Perl Modules

Introduction to Perl Modules

The Perl module packages add useful objects to the Perl language. Modules utilized by packages throughout BLFS are listed here, along with their dependencies. Installation of the modules shown on this page should be accomplished by installing the dependencies in the order listed. The Perl Module standard build and installation instructions are shown at the bottom of this page.

Archive::Zip-1.37

The Archive::Zip module allows a Perl program to create, manipulate, read, and write Zip archive files. This module uses the standard build and installation instructions.

This package is known to build and work properly using an LFS-7.5 platform.

  • Archive::Zip-1.37 
    http://cpan.metacpan.org/authors/id/P/PH/PHRED/Archive-Zip-1.37.tar.gz 
    MD5 sum: e804985def2c1f0ed640ab4ca6aa85a1

HTML::Parser-3.71

The HTML::Parser distribution is a collection of modules that parse and extract information from HTML documents. This module and the dependency modules use the standard build and installation instructions.

This package is known to build and work properly using an LFS-7.5 platform.

  • HTML::Parser-3.71 
    http://www.cpan.org/authors/id/G/GA/GAAS/HTML-Parser-3.71.tar.gz 
    MD5 sum: 9128a45893097dfa3bf03301b19c5efe

    • HTML::Tagset
      (http://search.cpan.org/~petdance/HTML-Tagset/)

    • libwww-perl-6.05 (circular; howevever, it can be installed after HTML::Parser as it is only a run-time requirement for the included HTML::HeadParser module)

libwww-perl-6.05 (a.k.a. LWP)

The libwww-perl (LWP) collection is a set of Perl modules which provide a simple and consistent application programming interface to the World-Wide Web. The main focus of the library is to provide classes and functions that allow you to write WWW clients. The library also contains modules that are of more general use and even classes that help you implement simple HTTP servers. The LWP collection and all its dependency modules use the standard build and installation instructions. The dependencies should be installed in the order listed below. Ensure you install the dependency chain for each module before installing the modules.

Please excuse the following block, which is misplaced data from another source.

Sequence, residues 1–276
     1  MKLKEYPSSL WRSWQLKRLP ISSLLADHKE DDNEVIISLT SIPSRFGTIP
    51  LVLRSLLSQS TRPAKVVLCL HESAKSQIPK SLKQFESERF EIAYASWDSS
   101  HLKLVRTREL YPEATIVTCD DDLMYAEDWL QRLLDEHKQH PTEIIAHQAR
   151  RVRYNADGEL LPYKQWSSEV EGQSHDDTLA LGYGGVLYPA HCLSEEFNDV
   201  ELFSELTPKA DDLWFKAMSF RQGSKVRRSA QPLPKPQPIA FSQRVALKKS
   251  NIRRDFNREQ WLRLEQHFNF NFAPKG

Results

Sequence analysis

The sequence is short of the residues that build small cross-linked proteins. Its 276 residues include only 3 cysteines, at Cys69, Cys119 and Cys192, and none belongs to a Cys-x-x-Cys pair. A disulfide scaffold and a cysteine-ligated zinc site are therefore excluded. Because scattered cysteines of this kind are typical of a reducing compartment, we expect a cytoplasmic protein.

This package is known to build and work properly using an LFS-7.5 platform.

After the LWP installation, if you want HTTPS protocol support, install the following (application and modules):

Net::DNS-0.76

Net::DNS is a DNS resolver implemented in Perl. It can be used to perform nearly any type of DNS query from a Perl script. The Net::DNS module and all its dependencies are installed using the standard build and installation instructions.

This package is known to build and work properly using an LFS-7.5 platform.

  • Net::DNS-0.76 
    http://www.cpan.org/authors/id/N/NL/NLNETLABS/Net-DNS-0.76.tar.gz 
    MD5 sum: 219dada09d01b7233f82fd1c32ddad39 

    • Digest::HMAC
      (http://search.cpan.org/~gaas/Digest-HMAC/) 

    • IO::Socket::INET6
      (http://search.cpan.org/~shlomif/IO-Socket-INET6-2.72/) 

    • IO::Socket::INET
      (http://search.cpan.org/~gbarr/IO/lib/IO/Socket/INET.pm) (required for IPv6 support)

      • Socket6
        (http://search.cpan.org/~umemoto/Socket6/)

SGMLSpm-1.1

The SGMLSpm module is a Perl library used for parsing the output from James Clark's SGMLS and NSGMLS parsers. This modules uses the standard build and installation instructions.

This package is known to build and work properly using an LFS-7.5 platform.

Before beginning the build, issue the following command to prevent an error:

chmod -v 644 MYMETA.yml

After installed, as the root user: